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Biochar: part of the solution?

A short quote from Edinburgh University's website on biochar suggests quite a long period before buried char is oxidised and the CO2 released into the athmosphere:

Biochar from forest fires has existed in some soils for 10,000 years, whilst radiocarbon dating of the terra preta soils of Amazonia show that the carbon can persist in the soil for between 500 and 7000 years before present (Lehmann et al., 2009). One conservative estimate is that the Mean Residence
Time (MRT – the average time that biochar remains in the soil) is between 1000 and 2000 years for dryland conditions of northern Australia. A recent study confirmed that the MRT for black carbon in two Australian savannah regions was between 1,300 and 2,600 years (Lehmann et al., 2008). The half-life of biochar found in coastal temperate forests in western Vancouver
has been calculated as 6623 years (Lehmann et al., 2009).

There are, however, some other studies which show a much faster turn-over time for biochar. A study of fires in the Russian steppe concluded that the turn-over time of biochar was only 293 years. Meanwhile, biochar stocks formed after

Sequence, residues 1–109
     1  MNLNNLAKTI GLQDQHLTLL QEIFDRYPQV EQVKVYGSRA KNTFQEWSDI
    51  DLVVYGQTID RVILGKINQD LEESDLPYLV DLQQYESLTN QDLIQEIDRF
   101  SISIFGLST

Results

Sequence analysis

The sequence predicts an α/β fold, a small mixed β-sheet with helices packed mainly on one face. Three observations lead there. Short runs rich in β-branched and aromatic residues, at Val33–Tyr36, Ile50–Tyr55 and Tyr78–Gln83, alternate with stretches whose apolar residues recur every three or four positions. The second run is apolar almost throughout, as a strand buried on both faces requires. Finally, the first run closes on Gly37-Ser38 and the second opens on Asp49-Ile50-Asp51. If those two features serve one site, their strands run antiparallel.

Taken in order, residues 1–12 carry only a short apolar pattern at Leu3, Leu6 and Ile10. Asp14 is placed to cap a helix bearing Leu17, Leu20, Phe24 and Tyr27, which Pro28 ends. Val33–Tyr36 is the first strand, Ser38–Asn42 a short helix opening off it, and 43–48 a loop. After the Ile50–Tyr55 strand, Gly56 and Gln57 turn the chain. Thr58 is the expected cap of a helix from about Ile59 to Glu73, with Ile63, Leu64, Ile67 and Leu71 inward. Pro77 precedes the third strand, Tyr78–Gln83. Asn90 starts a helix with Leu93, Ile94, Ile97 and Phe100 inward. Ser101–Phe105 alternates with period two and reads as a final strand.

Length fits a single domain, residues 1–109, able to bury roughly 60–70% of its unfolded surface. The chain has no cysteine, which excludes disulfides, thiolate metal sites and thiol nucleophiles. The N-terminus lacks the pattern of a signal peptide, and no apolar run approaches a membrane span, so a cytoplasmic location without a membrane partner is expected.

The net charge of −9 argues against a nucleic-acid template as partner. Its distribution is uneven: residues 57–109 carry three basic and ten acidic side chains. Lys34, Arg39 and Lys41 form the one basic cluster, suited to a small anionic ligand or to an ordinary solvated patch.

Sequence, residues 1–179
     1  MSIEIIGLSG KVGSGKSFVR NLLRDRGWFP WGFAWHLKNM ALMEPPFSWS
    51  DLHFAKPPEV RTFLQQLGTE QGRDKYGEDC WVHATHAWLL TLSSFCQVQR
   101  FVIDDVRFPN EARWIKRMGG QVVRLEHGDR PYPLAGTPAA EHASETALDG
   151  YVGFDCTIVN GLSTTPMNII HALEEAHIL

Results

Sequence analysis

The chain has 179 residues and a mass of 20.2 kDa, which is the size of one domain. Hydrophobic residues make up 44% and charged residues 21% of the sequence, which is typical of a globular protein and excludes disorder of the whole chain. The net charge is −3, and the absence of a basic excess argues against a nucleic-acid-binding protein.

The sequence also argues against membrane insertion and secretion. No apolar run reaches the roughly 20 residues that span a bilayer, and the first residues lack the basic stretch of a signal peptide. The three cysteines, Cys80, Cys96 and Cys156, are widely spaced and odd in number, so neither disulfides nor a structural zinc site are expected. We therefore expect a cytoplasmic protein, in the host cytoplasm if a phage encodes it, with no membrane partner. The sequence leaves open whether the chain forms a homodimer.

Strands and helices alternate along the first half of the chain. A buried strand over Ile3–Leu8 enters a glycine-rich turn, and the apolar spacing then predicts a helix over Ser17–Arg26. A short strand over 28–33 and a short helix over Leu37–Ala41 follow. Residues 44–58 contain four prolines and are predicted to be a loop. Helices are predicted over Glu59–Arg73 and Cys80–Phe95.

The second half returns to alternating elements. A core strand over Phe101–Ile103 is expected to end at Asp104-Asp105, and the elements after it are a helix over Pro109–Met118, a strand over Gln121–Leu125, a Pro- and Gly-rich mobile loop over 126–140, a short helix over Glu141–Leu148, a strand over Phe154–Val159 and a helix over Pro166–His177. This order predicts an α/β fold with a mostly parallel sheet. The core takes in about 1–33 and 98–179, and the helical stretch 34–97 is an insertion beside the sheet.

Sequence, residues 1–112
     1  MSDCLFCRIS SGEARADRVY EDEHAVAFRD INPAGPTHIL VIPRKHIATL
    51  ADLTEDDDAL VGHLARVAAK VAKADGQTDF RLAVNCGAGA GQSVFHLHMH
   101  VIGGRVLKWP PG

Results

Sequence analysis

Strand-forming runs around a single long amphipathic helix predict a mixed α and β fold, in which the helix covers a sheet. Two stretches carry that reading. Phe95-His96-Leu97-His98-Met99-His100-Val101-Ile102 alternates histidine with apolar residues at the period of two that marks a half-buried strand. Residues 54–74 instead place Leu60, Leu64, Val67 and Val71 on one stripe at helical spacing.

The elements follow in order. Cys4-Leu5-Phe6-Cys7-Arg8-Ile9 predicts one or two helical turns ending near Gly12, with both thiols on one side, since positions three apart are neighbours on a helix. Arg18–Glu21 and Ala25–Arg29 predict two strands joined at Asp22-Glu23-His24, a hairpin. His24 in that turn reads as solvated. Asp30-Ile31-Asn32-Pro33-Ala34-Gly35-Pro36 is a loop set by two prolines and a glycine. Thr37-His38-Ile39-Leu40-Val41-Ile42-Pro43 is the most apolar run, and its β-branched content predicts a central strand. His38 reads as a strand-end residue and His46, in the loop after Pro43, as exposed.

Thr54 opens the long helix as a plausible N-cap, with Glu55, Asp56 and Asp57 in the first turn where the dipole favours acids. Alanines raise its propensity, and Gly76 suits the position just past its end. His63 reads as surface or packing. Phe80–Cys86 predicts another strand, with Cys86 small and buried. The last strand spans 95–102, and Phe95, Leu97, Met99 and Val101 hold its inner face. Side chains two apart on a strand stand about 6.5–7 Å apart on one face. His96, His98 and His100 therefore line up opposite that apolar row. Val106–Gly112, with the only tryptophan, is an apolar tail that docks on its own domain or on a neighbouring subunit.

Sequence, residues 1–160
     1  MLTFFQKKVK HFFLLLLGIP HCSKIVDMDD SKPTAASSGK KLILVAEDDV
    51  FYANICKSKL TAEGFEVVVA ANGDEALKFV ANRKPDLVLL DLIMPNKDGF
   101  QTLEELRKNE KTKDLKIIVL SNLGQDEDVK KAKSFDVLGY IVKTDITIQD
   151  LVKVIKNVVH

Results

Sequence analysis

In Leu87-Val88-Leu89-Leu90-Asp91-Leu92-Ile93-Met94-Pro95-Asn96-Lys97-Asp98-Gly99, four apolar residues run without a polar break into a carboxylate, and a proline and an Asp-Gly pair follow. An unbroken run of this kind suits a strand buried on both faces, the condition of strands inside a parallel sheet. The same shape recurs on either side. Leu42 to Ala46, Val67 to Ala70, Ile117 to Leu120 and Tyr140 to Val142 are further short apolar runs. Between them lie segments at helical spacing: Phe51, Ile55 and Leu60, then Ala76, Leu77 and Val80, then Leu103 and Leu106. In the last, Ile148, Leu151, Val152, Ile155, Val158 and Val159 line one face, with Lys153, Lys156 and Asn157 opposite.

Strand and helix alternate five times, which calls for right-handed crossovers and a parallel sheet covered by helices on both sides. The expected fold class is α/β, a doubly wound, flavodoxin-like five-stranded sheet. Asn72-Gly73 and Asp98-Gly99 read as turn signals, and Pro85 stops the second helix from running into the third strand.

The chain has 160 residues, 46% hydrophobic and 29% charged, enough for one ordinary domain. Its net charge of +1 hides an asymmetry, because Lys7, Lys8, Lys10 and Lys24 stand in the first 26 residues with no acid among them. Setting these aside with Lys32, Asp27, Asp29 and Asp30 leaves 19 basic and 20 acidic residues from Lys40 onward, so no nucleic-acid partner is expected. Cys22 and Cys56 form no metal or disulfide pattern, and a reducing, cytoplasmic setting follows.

savannah burning in Zimbabwe had a MRT of only a few decades. Lehmann et al. (2009) suggest that these much lower residence times might be explained by processes other than mineralization alone (such as leaching or erosion).

The longevity of biochar in soils should not be overestimated: an unknown but large-scale mechanism for removing black carbon appears to exist. We know that more black carbon is produced than is found in possible long-term sinks (e.g. ocean sediments and the soil organic carbon pool) (Woolf 2008).
Over-accumulation of black carbon in soils is also inconsistent with empirically-validated models of the response of carbon in soils. One of the critical research needs is better understanding of such processes on different timescales. In summary, whilst there are major scientific
questions to be addressed regarding longevity, there is good evidence that biochar, if managed correctly, will remain in soils for at least 1000 years and possibly much longer. These timescales look sufficient for biochar to qualify as a viable option for atmospheric CO2 reduction (since, to be
effective in tackling anthropogenic climate change, the carbon must be removed from the atmosphere for hundreds to a thousand years) (Shackley and Gough 2006).

I got interested in the burial of charcoal, several years back, when I remembered that charcoal is found in strata deposited around the time of the Cretaceous–Tertiary extinction event; that is 65M years ago.

At the moment, a couple of hundred years would be useful and I imagine that burial could take place where contact with oxygen is limited. There are many other considerations, of course, but biochar is not going to be lost in months!